Marzia then notices TT and I. I’ve been buying fruit and veggies from her since I was pregnant and she has become very fond of TT. She immediately wishes me buongiorno and starts making sweet faces at TT.
‘Ciao bellissima’, she says to TT.
TT is skirming again. Marzia and her assistants are now serving customers 71, 72 and 73. I take TT out of her stroller and hold her so she can have a closer look at the crates. She is rather taken by the royal gala apples. These days, all red-coloured foods –apples, capsicums and tomatoes – meet with her approval. She puts per index finger to her cheek to indicate that she thinks the royal galas are yummy. A toddler of few words, gestures like this typically Italian one, are her way of communicating.
All of a sudden, TT decides she doesn’t want to stay in my arms anymore. There are still more customers to be served before me. I put her on the ground to walk. She immediately starts walking away from Marzia’s stall and makes her way to the homewares stall opposite. Fearing irreparable damage to (and with!) the assortment of kitchen utensils on sale there, I pick her up. She begins to wail. I then try to put her back in her stroller to no avail. She wants to walk and she wants to walk NOW!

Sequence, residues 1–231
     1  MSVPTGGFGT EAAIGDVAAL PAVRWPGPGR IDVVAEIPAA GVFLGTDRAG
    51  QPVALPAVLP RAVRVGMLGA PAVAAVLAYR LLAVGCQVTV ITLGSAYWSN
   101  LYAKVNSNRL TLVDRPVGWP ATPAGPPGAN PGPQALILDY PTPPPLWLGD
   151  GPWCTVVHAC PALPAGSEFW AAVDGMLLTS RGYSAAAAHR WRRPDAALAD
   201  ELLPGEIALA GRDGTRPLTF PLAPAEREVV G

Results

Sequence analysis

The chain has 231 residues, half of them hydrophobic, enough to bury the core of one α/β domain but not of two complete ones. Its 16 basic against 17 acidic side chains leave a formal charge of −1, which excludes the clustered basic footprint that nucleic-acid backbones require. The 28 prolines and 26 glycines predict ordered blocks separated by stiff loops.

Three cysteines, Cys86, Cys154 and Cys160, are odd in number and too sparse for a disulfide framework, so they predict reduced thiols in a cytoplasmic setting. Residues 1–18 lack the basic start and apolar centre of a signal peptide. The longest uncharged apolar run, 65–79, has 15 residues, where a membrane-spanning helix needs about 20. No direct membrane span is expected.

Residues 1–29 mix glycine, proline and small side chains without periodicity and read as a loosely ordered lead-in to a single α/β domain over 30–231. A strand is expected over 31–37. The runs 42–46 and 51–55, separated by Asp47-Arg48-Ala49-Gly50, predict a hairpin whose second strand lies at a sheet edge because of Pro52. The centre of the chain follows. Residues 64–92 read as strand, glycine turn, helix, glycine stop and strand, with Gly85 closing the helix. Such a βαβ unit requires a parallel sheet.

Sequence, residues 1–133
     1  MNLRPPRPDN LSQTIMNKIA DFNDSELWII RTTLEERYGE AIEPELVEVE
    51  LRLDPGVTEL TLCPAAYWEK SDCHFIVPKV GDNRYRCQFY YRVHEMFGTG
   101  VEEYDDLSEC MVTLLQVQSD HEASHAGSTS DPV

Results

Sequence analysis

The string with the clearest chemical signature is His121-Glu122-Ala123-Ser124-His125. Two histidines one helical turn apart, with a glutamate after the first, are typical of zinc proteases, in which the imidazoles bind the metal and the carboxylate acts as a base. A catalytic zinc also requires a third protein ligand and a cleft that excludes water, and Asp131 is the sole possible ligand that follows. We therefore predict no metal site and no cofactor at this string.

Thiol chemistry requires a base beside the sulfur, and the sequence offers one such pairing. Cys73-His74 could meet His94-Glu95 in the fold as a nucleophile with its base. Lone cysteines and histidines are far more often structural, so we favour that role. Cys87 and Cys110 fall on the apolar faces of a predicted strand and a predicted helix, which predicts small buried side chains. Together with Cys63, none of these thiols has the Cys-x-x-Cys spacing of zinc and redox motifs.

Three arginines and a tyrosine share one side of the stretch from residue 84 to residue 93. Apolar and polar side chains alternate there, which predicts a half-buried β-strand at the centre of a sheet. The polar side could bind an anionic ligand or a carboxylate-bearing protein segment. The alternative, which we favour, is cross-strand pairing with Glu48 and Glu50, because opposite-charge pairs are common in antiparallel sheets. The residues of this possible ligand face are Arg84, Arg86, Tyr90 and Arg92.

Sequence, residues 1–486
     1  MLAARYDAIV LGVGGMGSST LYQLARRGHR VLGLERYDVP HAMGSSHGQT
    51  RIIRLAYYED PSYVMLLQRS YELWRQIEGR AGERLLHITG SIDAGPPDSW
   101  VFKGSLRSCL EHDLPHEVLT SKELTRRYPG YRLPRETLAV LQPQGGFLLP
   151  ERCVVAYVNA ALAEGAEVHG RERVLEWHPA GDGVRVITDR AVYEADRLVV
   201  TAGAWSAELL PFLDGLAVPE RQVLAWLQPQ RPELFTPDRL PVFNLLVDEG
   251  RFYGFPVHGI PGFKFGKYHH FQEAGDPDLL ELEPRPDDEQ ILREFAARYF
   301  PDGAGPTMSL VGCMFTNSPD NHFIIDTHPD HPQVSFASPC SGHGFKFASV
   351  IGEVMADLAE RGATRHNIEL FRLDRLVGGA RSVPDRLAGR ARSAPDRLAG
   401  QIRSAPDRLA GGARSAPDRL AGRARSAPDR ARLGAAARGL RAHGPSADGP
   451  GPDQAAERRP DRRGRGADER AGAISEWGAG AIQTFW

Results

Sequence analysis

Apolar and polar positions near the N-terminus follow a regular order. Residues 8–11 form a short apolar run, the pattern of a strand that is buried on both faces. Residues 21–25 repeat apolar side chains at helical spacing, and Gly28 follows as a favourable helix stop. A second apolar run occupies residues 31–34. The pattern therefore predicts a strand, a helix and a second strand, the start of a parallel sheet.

Marcia then notices I’m struggling to contain TT.
“Il povero tesoro non ce la fa più!’ she exclaims. She offers to serve us immediately. I thank her profusely. I neglected to mention the other advantage to shopping at Marzia’s stall; her sensitivity to the elderly, pregnant women and parents with crying babies and/or bored young children. She insists on serving them first.